I have always thought that Hong Kong was just city life and concrete jungle. I never knew that residents escape from the hectic financial capital to unwind especially during the weekends. But where to? Well, my friends Chris and Jane introduced me to Lamma Island :-)

Lamma Island is the third largest island of HK, after Lantau Island and Hong Kong Island. The island consists of the northern village (Yung Shue Wan), the eastern village (Sok Kwu Wan) and traditional fishing villages. Access to other parts of Lamma is by hiking or fishing boats.

The main attraction of Lamma is the abundance of nature and scenery. There are beaches and hiking trails. The atmosphere on the island is laid-back and peaceful, a complete opposite to the stressful pace and expensive cost of living in the city. The buildings are less than 3 storeys high and vehicles are nowhere to be found except bicycles and compact trucks which are mainly to transport materials or rubbish.


When I contacted my friend Chris who is from New Zealand, and currently living and working in HK, firstly, he was happy that I was coming over because we were former colleagues in my previous company in Kuala Lumpur, and it has been a while since we last met. Secondly, he asked if I would be interested to join him and his Australian partner, Jane, for a walking trail in Lamma Island. I was intrigued but wasn’t sure if he meant just walking or hiking up mountains because I know that both of them are avid hikers…and they hike up treacherous trails! Chris reassured me that the walking trail is on paved road. I said, ahhh, ok, count me in!

Our meeting point was Central MTR Station, and we took a 20-minute ferry ride from Central to Lamma Island’s main village, Yung Shue Wan. While on the ferry, I could have taken in views of Victoria Harbour but I didn’t because the 3 of us were busy chit-chatting. It has been 3 or 4 years, I think, since we last met, so there was a lot of yak-yak-yak enroute to the island :-)

The walking trail starts at Yung Shue Wan’s Main Street lined with restaurants, shops and fruits and vegetables stalls. Walk along Main Street and head towards Hung Shing Ye Beach. I was told that the beach is rather popular during the summer months. Walk past the bathrooms to the end of the beach, continue up the hill and follow signs to Sok Kwu Wan. The 1-hour walking trail takes you up and over the island’s mountainous terrain along the coast. The hike is not difficult at all, in fact, many families go on this walking trail too and some also walk their dogs here. The reward for this 14km hike is the beautiful greenery and coast overlooking the South China Sea, and clean air.

Main Street

Main Street


Beautiful coast of Lamma Island, overlooking the South China Sea

Beautiful coast of Lamma Island, overlooking the South China Sea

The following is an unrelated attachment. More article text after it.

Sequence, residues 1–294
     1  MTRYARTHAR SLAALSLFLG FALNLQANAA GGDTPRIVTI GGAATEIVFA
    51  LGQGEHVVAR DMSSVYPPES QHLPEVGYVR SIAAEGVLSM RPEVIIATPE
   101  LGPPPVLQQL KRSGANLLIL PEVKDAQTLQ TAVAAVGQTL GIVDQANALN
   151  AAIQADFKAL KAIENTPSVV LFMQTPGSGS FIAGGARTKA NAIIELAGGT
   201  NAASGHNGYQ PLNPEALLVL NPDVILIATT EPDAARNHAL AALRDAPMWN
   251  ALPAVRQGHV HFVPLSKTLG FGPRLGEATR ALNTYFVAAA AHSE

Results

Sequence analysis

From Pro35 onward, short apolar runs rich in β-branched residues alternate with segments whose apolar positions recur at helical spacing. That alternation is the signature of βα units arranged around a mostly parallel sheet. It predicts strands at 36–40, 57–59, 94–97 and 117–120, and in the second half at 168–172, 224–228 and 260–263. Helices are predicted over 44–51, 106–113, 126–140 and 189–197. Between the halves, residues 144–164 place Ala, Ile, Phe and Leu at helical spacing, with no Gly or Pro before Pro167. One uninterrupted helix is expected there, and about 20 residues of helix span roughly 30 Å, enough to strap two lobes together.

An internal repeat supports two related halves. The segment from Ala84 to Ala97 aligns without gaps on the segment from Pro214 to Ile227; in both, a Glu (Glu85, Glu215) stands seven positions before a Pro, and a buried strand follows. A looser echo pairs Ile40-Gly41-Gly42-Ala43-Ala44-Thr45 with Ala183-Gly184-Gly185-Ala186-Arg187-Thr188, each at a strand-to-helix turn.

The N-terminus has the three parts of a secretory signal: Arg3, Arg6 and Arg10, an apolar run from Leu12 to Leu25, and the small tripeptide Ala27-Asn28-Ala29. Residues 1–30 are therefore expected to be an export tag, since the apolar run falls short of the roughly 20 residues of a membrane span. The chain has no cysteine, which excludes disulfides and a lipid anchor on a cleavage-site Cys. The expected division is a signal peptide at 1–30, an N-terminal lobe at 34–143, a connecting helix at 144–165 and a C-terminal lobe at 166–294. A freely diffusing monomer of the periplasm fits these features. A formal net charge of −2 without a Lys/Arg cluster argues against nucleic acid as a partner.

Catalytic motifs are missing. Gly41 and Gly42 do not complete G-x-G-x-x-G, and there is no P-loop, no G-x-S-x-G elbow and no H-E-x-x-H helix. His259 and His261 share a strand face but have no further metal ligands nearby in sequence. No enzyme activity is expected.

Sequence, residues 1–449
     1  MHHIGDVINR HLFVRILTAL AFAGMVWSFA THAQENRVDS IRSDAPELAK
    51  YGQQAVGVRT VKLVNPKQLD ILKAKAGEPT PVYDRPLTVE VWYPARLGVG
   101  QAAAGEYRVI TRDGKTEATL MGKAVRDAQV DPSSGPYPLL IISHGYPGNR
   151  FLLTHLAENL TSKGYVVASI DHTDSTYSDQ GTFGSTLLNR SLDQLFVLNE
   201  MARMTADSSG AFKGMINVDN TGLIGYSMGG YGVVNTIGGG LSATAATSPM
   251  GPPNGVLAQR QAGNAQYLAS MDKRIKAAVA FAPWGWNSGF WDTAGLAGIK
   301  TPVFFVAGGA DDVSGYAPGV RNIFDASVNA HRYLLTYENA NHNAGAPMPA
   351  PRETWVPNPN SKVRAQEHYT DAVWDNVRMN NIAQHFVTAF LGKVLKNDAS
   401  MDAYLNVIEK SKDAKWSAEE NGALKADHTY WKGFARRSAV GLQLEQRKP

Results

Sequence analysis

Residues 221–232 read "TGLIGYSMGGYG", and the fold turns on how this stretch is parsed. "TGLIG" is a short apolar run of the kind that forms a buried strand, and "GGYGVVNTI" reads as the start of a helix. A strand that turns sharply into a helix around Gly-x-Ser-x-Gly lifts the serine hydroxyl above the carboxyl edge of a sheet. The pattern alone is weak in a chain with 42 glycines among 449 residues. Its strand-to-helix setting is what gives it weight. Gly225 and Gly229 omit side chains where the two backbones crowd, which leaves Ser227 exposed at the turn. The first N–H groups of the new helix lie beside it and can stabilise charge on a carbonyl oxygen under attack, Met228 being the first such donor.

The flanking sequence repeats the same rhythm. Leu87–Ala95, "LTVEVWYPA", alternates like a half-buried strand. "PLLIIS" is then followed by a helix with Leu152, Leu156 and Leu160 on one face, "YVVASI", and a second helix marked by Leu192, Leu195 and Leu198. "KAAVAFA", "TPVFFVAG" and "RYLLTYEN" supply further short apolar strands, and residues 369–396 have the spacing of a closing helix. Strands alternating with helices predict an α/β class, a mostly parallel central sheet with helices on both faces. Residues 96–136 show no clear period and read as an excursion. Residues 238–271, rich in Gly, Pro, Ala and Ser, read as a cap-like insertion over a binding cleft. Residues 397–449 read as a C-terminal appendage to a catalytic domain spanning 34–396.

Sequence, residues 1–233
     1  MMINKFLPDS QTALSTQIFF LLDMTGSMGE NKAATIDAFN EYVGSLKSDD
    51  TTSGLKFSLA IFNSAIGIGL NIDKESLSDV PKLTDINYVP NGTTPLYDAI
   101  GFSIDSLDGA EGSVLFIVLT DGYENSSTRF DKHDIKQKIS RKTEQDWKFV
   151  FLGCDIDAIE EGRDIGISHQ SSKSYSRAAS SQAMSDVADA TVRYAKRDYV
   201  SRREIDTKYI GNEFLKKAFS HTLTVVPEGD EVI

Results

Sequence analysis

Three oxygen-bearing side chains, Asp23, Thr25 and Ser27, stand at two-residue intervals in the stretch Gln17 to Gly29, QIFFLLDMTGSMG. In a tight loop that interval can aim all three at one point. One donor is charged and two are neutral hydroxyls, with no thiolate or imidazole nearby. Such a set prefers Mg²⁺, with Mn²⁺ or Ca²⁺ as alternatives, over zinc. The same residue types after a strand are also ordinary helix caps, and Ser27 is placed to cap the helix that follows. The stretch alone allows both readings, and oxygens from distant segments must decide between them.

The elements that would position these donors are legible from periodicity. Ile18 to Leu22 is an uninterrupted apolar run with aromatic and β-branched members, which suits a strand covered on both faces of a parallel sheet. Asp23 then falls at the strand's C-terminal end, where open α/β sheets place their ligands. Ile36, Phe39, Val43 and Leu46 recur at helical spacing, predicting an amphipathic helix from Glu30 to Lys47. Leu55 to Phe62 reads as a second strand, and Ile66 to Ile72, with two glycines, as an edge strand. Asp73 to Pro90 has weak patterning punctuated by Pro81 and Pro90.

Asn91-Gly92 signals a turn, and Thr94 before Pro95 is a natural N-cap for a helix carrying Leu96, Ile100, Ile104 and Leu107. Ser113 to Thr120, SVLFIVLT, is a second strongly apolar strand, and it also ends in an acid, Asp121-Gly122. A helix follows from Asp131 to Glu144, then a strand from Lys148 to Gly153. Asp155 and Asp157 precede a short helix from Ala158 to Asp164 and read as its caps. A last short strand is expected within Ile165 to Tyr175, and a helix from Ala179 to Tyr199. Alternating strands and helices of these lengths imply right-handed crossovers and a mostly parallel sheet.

That's Sok Kwu Wan and traditional fishing villages

That’s Sok Kwu Wan and traditional fishing villages


Fishing houseboat villages

Fishing houseboat villages

The walking trail ends at Sok Kwu Wan, and the best reward I reckon is a meal at one of their seafood restaurants. Chris and Jane brought me to Tai Yuen Seafood Restaurant, and the first thing we ordered was a bottle of beer! Shortly after, we ordered more beer, bamboo clams, calamari, steamed fish, Chinese broccoli (kai-lan) and fried rice. Wish I could show you pictures of the food but I’m not for one who take photos of food. Sorry, folks! :-)


Once we were done with our meal, we could have taken a ferry from Sok Kwu Wan back to HK but I wanted to take some photos of Main Street, so we walked the same trail back to Yung Shue Wan. There is no direct ferry from Yung Shue Wan to Sok Kwu Wan, so you have to hike up and down the mountainous terrain to get to the seafood restaurants. However, if seafood is your main objective, then the alternative is to skip the hike and take the ferry direct from HK to Sok Kwu Wan.

On our way back to Yung Shue Wan, we found this street art. "All animals are equal, but some are more equal than others" That's my caption for this piggy ;-)

On our way back to Yung Shue Wan, we found this street art. My caption for this piggy…”All animals are equal, but some are more equal than others” :-)

When we reached Main Street, it was already dusk. We met Chris and Jane’s friends at a steak restaurant where we drank more beer and enjoyed the cool air (it was delightfully 16C) until 7pm-ish to catch the ferry back to HK.

Lamma Island is a world away, such a vast difference from HK. If you would like to experience the walking trails on Lamma, wear a good pair of walking shoes, slap on sun screen and bring a bottle of water. Also, it’s best to experience the island early in the day or during the week as this popular destination fills up over the weekends.

If you missed the previous post on HK, please click on Hong Kong: Second Time’s A Charm